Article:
Reading The Pictures is dedicated to the analysis of news photos and media images.
September 15, 2014

Sports Advertising: Meet You at Your Cubical

FOX baseball promo

I don’t watch TV. But I spent the weekend with aging parents so I had the occasion to park on the couch and watch some professional sports. Specifically, I got to see some commercials which are always fascinating as a mirror.

Actually, I was only watching with one eye until I happened to spot an office scene. Given the mind-boggling gap between America’s haves and have-nots, and also how management science and automation has turned the American office worker into a widget, I’ve always been keen on that rare bit of news or documentary imagery that happened to be shot in the office. In this case, it also involves promos for big-time sports programming.

In example one, we have FOX Sports promoting their own coverage of the professional baseball playoffs. It’s quite inspiring actually. You see people in a diner, in a bar, in a laundromat, and above, in what looks like a taxi garage and dispatch office. In every one of those settings, you see people, glued to the TV, tracking a long fly ball and then an amazing catch as if they were all at the stadium (hopefully in a luxury box or some other megabuck seat) and that ball was sailing through the air in slow motion.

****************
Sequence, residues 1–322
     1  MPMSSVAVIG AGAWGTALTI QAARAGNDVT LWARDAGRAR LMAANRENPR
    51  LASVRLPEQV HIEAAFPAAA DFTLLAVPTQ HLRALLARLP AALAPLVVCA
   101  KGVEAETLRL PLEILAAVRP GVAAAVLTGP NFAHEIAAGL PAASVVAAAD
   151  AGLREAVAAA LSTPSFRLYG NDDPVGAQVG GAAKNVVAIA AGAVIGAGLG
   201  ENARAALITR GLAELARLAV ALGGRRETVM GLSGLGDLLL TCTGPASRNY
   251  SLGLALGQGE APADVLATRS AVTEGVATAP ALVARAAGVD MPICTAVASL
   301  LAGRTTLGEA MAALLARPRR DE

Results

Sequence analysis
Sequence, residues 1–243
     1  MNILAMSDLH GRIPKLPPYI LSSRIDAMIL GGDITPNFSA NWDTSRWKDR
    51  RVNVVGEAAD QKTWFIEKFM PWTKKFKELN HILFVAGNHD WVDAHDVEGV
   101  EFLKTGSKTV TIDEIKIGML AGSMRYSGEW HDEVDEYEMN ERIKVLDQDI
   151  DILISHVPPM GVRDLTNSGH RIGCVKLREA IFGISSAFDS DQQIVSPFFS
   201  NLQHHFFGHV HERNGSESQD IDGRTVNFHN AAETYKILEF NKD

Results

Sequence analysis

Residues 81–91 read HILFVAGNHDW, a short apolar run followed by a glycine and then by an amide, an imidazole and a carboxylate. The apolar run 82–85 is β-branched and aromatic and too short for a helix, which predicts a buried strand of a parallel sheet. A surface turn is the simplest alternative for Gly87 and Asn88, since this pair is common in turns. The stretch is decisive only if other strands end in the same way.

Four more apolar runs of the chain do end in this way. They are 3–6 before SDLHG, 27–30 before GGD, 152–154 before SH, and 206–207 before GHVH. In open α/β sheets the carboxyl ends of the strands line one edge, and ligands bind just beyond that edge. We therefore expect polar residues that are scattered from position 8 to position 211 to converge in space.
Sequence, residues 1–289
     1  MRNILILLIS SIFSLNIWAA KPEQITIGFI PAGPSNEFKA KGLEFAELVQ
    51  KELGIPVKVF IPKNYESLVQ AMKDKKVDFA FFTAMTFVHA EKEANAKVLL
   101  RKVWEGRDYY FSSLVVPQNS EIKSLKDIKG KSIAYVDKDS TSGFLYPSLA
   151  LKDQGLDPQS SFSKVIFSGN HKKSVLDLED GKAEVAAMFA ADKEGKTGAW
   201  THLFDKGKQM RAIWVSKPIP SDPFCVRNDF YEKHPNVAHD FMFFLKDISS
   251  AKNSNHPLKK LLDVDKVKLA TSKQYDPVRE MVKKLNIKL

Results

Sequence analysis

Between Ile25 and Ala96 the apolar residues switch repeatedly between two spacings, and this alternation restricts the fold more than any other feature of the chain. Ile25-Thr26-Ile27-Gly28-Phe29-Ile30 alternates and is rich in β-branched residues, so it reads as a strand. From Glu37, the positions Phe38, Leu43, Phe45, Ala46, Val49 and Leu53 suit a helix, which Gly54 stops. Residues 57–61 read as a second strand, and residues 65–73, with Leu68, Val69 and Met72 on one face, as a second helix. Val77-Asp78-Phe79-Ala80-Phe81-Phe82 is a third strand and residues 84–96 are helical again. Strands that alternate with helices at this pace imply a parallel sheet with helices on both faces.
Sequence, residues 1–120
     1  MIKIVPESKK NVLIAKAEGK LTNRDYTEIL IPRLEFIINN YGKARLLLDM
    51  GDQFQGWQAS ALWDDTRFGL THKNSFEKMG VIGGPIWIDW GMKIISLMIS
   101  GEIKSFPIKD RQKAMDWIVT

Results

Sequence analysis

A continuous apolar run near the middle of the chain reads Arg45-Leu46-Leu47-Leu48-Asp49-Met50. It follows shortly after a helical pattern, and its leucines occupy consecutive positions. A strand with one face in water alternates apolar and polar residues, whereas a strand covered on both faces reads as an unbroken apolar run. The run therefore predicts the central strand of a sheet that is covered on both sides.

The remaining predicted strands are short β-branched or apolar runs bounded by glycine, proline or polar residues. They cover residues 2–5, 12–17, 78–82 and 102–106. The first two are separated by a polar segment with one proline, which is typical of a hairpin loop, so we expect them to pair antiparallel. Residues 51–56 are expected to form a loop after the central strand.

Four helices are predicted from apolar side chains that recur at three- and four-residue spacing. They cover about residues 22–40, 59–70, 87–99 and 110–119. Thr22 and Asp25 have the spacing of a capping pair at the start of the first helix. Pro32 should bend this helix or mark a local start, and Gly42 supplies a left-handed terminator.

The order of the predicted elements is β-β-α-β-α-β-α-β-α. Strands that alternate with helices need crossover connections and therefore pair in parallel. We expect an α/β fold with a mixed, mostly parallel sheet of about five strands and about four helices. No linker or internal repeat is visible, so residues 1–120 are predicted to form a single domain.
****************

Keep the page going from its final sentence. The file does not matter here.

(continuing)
Hanes Michael Jordan commercial

The second spot I noticed was for Hanes, the underwear outfit. Apparently, their big selling feature these days is that their clothing no longer contain tags. Yes, they’ve been the “bane of my existence” too. In this case, we see a cubicle dweller achieve a whole new level of comfort when Michael Jordan suddenly appears and relieves him of the tag on his pants, casually tossing the animatronic thing in the office shredder. (By the way, that picture on the wall wouldn’t actually glorify the soul-killing LA Freeway system, would it?)

So, what do these ads reflect back these days? (Let’s leave domestic violence and brain injury out of it, at least for the moment.) Apparently, it’s the antidote to being chained to a desk and a phone or a screen. Seemingly, it’s also about parking oneself in front of FOX Sports so advertisers can further contrast the addictive world of play with┬áthe daily grind. And in between, they can amuse and uplift you into quickly parting with whatever you managed to squeeze from that skinny paycheck.

(screen grabs: FOX Sports, Hanes)

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